It has been one week since my last post and two weeks since my last posted poem. I am emerging now from a deep study of sound and rhythm. I have been binge-listening (following along faithfully) to the Caedmon recordings of Dylan Thomas's poetry. I have always been mesmerized by his voice, such a booming baritone for such a shy poet. I felt that I needed to listen to him in his entirety when I stumbled upon these albums. How could I not peek in on the hunchback in the park as he eats bread from a newspaper? How could I pass on the opportunity to tour Fern's Hill and Sir John's Hill? I have never traveled to Wales, but I felt myself transported to Loughharne with each poem; especially "Poem on his Birthday" and "Poem in October." The best part of these recordings is that they are the poems that Thomas wanted people to hear and read. I have always been a Thomas fan; his language and metaphor exquisite! But I wanted a deeper dive into his use of sound, alliteration, assonance, and consonance. I mean, who else write and speaks lines like these?
"Man be my metaphor."
"Now I am a man no more no more"
"seesaw Sunday nights"
His poetry can quicken and slow down immediately with his tongue-twisting language! Thomas' use of the personification of time as an omnipresent, binding force is mesmerizing.
Read this from "Fern Hill":
"Time let me play and be
Golden in the mercy of his means"
When I sat in my chair these last weeks, listening to his roaring roll of a voice, I began to really understand the intentionality of language in poetry. Poets use words and language to discuss and interpret their thoughts and feelings and interactions with the world around them. Poets, especially Dylan Thomas, choose words pack a powerful punch and crafts lines that could not be written in any other way. For example,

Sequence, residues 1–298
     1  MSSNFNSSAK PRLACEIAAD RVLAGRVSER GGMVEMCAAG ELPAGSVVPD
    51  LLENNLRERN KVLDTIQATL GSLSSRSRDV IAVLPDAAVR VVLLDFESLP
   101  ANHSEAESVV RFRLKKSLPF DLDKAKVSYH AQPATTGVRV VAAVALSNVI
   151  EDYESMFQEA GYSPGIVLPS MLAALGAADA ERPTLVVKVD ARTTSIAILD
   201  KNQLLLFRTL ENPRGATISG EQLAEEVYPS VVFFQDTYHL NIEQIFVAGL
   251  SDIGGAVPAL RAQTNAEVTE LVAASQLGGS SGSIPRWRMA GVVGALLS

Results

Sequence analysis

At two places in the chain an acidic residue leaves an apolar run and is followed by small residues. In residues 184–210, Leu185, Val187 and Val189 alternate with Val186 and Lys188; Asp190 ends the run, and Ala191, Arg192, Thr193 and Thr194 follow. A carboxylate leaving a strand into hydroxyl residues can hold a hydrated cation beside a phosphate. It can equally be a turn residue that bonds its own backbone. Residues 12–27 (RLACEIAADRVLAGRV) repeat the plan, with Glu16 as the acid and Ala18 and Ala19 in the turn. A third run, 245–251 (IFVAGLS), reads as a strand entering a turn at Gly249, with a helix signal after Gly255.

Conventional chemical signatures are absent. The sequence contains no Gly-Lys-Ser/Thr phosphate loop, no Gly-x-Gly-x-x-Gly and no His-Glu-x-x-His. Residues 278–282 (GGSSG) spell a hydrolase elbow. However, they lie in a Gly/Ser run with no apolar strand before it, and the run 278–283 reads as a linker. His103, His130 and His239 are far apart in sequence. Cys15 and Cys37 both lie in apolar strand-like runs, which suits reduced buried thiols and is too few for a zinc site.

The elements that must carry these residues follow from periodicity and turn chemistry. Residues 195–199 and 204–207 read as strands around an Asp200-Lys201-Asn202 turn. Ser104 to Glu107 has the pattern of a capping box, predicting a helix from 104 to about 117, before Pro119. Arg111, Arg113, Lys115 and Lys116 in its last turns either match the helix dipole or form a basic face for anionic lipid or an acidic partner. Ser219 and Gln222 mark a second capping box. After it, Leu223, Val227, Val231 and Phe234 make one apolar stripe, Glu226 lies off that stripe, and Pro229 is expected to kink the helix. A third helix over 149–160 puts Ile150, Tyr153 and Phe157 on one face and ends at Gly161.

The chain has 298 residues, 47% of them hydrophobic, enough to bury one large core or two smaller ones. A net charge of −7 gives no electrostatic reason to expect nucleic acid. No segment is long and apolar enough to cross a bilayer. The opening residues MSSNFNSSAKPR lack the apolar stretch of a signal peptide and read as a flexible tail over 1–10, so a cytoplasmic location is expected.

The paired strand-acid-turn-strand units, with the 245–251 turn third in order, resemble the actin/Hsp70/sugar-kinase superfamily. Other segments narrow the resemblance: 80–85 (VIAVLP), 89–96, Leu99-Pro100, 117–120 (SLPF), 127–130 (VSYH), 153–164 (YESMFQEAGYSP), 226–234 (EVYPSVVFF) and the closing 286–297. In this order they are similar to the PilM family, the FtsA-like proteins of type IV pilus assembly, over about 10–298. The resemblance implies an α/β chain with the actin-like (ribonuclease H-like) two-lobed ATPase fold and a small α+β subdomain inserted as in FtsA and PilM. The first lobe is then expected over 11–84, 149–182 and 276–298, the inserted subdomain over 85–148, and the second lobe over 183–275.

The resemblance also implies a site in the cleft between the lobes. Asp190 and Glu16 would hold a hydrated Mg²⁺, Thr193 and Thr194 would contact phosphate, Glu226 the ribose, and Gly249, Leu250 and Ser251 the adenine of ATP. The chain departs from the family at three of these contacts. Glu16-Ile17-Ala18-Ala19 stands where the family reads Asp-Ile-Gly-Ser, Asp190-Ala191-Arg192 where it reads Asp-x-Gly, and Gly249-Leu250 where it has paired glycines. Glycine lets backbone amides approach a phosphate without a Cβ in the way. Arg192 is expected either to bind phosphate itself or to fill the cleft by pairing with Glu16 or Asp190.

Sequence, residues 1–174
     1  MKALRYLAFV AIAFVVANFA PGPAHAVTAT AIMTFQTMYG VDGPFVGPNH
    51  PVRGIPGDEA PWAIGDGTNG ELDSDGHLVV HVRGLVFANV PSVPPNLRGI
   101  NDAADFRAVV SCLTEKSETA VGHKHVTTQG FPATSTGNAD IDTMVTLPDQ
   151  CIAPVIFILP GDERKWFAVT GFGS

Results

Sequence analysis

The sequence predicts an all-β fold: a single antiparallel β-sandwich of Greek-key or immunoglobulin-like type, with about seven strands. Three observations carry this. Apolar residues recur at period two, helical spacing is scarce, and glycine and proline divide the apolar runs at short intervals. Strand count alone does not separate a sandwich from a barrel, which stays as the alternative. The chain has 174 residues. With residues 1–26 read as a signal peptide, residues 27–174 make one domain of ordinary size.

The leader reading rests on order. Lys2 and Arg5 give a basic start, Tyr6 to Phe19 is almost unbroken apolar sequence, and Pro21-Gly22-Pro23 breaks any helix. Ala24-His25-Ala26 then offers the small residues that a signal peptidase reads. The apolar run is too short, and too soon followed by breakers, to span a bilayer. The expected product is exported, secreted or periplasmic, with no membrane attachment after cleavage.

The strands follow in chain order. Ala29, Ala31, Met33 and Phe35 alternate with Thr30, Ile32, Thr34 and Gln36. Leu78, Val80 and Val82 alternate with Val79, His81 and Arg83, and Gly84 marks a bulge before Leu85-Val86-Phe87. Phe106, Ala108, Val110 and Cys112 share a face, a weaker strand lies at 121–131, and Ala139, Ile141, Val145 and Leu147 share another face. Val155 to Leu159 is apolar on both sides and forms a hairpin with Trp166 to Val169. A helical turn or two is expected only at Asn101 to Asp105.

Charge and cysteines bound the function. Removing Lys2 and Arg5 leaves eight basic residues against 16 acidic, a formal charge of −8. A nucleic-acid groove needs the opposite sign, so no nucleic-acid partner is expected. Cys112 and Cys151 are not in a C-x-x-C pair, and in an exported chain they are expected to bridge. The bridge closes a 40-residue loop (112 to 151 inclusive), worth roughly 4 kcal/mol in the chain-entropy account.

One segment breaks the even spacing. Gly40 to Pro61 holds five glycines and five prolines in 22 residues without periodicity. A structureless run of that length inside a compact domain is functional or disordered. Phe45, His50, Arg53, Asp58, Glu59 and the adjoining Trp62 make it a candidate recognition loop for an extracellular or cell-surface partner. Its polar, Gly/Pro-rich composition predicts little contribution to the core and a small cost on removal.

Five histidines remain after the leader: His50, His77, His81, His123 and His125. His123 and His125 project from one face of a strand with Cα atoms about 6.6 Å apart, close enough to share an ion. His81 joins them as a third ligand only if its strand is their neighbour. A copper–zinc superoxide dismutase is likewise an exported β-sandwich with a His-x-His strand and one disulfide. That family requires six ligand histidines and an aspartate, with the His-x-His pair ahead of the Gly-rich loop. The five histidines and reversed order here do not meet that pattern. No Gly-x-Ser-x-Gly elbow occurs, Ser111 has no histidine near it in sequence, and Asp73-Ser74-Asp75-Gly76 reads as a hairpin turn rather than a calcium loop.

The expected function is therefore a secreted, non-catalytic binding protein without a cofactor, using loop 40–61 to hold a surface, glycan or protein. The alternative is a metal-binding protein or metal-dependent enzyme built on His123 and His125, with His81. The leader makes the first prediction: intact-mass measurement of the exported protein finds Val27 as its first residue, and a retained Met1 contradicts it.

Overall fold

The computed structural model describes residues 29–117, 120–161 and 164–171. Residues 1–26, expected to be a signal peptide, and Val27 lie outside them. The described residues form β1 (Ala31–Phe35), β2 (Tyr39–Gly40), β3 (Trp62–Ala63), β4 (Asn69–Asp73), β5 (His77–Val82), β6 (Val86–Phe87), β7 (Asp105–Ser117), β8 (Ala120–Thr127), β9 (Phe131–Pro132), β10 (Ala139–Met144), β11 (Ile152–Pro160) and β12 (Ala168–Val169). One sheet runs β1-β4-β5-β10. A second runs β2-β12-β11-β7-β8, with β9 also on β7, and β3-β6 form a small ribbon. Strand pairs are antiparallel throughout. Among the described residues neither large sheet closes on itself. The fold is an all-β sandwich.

"When black birds died like priests in the cloaked hedge row"
What an image! So, I am emerging once again with a renewed reverence for the language and imagery that I use in my poetry. Dylan Thomas loves and reveres language. He "cared for the colours the words cast on [his] eyes (Thomas, 1951). He knew that he "must live with [words] and in them, always: a "writer of words" (Thomas, 1951). He played with language, dragging up images from the depths of his mind in order to see how they would look and sound on the paper. Listening to his voice reminded me of his 'imaginative purpose, which is to write the best poem he can" (Thomas, 1951).
I enjoy poetry. I enjoy reading and writing poetry. I feel that I can communicate through poetry. My hope for the rest of the poems I post here, is that you, too, will enjoy them, because that is all that matters. I will work hard at crafting my images and alluding to other moments only when absolutely necessary. I promise not to just throw in an obscure Greek or Biblical reference! I will concentrate more on how my poetry sounds, as well as how it rests on the page. I may not be able to write a successful villanelle, but I will write more and more and more!